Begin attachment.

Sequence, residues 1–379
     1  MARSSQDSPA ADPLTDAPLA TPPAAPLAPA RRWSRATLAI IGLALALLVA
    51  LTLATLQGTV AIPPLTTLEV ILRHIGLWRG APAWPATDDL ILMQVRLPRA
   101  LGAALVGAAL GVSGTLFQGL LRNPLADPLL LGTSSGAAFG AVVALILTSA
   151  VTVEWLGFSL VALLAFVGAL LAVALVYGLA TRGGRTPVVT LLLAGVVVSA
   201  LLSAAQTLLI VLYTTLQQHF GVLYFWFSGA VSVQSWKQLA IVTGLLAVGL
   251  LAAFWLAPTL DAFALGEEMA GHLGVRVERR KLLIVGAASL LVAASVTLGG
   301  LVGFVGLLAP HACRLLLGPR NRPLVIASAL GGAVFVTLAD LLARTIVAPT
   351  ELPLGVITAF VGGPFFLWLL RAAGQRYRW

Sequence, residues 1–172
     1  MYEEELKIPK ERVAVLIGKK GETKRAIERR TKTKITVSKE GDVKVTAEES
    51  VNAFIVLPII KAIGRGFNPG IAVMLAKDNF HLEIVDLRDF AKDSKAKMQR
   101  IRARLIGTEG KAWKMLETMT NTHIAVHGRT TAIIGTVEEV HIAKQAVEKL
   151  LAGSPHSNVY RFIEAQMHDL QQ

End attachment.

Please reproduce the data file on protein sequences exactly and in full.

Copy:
Sequence, residues 1–379
     1  MARSSQDSPA ADPLTDAPLA TPPAAPLAPA RRWSRATLAI IGLALALLVA
    51  LTLATLQGTV AIPPLTTLEV ILRHIGLWRG APAWPATDDL ILMQVRLPRA
   101  LGAALVGAAL GVSGTLFQGL LRNPLADPLL LGTSSGAAFG AVVALILTSA
   151  VTVEWLGFSL VALLAFVGAL LAVALVYGLA TRGGRTPVVT LLLAGVVVSA
   201  LLSAAQTLLI VLYTTLQQHF GVLYFWFSGA VSVQSWKQLA IVTGLLAVGL
   251  LAAFWLAPTL DAFALGEEMA GHLGVRVERR KLLIVGAASL LVAASVTLGG
   301  LVGFVGLLAP HACRLLLGPR NRPLVIASAL GGAVFVTLAD LLARTIVAPT
   351  ELPLGVITAF VGGPFFLWLL RAAGQRYRW

Sequence, residues 1–172
     1  MYEEELKIPK ERVAVLIGKK GETKRAIERR TKTKITVSKE GDVKVTAEES
    51  VNAFIVLPII KAIGRGFNPG IAVMLAKDNF HLEIVDLRDF AKDSKAKMQR
   101  IRARLIGTEG KAWKMLETMT NTHIAVHGRT TAIIGTVEEV HIAKQAVEKL
   151  LAGSPHSNVY RFIEAQMHDL QQ